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I'm trying to configure a DNS server for domain.com. I want to configure a wildcard DNS record to resolve any-subdomain.domain.com to a single IP address (172.16.1.3). In my DNS server I have the following records in my forward zone:

DNS Records

This somewhat works, except that when I run nslookup www.domain.com I get this response:

Server: winsrv.domain.com
Address: 172.16.1.2

Name: www.domain.com.domain.com
Address: 172.16.1.3

I believe the DNS server is thinking that the entire www.domain.com string is a subdomain of domain.com.

How do I get the DNS server to return the correct line: Name: www.domain.com

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Is domain.com in this example an Active Directory domain as well? And if so, is this DNS server an AD DNS server? –  MDMarra Sep 13 '13 at 19:25
    
Nope, no AD in use. Just a fresh Windows Server 2012 with updates and DNS installed. –  brack Sep 13 '13 at 19:32

1 Answer 1

up vote 1 down vote accepted

Here's what I suspect is happening but can't prove it on my own systems since I don't want to stick a wildcard record on my DNS servers.

This somewhat works, except that when I run nslookup www.domain.com I get this response:

Server: winsrv.domain.com
Address: 172.16.1.2

Name: www.domain.com.domain.com
Address: 172.16.1.3

This is because your nslookup query is technically an unqualified name.

You can test this by doing an nslookup www.domain.com. (note the trailing period/dot at the end that "qualifies" it) and see if the return is valid now.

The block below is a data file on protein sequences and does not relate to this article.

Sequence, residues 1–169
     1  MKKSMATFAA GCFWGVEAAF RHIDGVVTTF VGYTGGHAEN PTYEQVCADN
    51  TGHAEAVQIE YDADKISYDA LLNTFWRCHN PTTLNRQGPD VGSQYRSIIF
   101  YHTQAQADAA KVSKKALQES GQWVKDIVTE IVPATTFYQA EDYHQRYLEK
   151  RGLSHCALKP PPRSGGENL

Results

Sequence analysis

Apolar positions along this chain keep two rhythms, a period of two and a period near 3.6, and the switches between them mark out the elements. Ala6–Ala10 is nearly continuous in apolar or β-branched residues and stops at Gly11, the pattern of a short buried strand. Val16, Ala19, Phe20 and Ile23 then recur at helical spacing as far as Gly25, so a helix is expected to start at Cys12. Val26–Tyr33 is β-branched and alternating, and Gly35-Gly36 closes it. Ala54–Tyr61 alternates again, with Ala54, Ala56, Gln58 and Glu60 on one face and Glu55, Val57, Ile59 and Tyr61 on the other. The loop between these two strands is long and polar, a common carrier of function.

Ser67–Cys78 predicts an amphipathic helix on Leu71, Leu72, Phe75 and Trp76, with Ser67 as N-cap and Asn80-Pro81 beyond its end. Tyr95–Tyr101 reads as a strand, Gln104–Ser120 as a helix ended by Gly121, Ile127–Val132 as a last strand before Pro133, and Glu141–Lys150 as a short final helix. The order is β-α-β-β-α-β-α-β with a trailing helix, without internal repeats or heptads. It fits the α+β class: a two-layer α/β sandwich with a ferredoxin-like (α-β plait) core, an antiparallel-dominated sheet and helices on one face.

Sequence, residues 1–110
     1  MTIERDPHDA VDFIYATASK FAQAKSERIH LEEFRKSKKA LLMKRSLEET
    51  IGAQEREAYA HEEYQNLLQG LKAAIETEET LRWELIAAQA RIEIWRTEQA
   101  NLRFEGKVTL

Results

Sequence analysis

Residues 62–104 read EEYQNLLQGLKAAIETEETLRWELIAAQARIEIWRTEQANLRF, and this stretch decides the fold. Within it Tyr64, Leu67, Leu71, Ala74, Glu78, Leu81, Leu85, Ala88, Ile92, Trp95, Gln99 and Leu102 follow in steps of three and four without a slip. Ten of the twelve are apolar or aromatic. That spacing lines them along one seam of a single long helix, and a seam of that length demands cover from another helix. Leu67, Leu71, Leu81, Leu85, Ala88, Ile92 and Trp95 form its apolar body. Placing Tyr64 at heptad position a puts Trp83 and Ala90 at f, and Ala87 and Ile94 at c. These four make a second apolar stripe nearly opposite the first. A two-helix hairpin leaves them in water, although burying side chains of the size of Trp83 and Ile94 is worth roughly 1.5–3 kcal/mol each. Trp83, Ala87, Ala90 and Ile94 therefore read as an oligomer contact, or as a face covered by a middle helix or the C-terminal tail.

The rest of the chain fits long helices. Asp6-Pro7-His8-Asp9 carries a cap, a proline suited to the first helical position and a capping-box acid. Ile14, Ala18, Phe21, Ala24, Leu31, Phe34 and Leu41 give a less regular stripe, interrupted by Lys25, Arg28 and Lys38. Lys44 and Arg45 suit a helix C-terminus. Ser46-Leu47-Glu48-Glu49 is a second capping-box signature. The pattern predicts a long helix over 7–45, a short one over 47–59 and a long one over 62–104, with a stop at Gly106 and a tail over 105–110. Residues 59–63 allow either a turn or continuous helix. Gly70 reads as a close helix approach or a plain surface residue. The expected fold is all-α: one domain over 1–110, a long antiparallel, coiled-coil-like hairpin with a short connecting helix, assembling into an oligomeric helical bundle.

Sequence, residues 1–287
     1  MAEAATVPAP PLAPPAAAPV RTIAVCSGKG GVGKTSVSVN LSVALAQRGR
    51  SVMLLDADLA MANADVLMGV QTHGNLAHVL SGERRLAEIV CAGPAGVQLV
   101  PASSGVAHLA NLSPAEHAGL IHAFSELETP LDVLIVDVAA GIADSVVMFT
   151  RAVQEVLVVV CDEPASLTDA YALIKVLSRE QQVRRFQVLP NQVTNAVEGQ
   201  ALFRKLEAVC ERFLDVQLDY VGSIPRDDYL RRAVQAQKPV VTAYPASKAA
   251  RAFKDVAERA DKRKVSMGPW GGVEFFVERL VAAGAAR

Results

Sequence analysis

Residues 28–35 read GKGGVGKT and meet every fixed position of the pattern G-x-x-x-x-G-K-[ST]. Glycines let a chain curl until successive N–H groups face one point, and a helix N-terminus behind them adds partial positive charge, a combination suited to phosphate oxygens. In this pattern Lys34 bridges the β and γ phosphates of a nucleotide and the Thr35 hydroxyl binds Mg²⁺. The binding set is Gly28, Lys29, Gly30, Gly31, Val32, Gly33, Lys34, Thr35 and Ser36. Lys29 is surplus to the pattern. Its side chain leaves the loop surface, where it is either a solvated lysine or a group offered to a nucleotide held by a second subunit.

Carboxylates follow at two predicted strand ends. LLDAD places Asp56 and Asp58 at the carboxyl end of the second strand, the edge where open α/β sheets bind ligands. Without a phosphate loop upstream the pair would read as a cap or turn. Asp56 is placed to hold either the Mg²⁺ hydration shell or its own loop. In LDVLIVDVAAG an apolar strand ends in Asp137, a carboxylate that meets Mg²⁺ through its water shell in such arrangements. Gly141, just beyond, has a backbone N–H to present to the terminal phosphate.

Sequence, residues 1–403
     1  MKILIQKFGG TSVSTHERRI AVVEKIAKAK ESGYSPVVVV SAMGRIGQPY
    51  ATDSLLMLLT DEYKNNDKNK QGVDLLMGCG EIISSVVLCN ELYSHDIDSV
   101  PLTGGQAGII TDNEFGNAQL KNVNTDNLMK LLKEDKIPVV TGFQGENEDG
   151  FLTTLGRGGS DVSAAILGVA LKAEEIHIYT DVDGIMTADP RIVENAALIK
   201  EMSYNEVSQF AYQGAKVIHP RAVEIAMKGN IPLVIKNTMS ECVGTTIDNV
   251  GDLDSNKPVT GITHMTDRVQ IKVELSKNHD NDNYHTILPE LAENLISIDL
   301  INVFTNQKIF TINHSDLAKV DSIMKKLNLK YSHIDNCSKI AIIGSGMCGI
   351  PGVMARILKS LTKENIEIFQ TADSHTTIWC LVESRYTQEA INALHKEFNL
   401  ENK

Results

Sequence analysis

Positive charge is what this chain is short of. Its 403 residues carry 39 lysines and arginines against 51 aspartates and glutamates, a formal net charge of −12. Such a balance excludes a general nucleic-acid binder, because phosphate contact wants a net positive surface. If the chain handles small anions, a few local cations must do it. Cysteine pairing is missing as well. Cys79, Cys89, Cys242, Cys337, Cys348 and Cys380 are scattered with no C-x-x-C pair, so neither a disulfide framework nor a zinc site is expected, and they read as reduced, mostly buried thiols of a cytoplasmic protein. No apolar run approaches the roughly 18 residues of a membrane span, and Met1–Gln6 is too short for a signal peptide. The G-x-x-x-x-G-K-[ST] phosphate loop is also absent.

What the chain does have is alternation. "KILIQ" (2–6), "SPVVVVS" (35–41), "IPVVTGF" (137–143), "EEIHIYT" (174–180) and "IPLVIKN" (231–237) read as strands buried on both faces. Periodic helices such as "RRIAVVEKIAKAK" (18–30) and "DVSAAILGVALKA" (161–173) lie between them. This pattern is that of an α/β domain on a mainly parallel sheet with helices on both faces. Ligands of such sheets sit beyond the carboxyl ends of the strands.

EDIT: yeah this seams to be the case...because your wildcard entry is invalidating the normal NXDOMAIN response nslookup normally returns in this case. Since nslookup always appends the suffix if the lookup doesn't have the trailing period.

For instance, here's one on my computer:

> set debug=true
> www.yahoo.com
Server:  dc1.mdmarra.local
Address:  10.10.10.10

------------
Got answer:
    HEADER:
        opcode = QUERY, id = 2, rcode = NXDOMAIN
        header flags:  response, auth. answer, want recursion, recursion avail.
        questions = 1,  answers = 0,  authority records = 1,  additional = 0

    QUESTIONS:
        www.yahoo.com.mdmarra.local, type = A, class = IN
    AUTHORITY RECORDS:

Notice how it returned NXDOMAIN for www.yahoo.com.mdmarra.local. It will then go on to query just www.yahoo.com using forwarders. Since you have the wildcard entry it thinks your query is valid based on the wildcard.

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Yep. Looks like you're right. Thanks for the information. –  brack Sep 13 '13 at 20:02
3  
Why is your DNS server named dc1.MDMARRA.local? –  joeqwerty Sep 13 '13 at 20:05
4  
Is MDMarra your alter ego? That would explain why I never see the two of you answer a question at the same time. –  joeqwerty Sep 13 '13 at 20:06
    
@joeqwerty :) just my way of obscuring the FQDN since I know how much he hates .local names. But I'll be happy to swap points with him. –  TheCleaner Sep 13 '13 at 20:18
    
He may forgive you for using .local in this instance ;) –  joeqwerty Sep 13 '13 at 20:20

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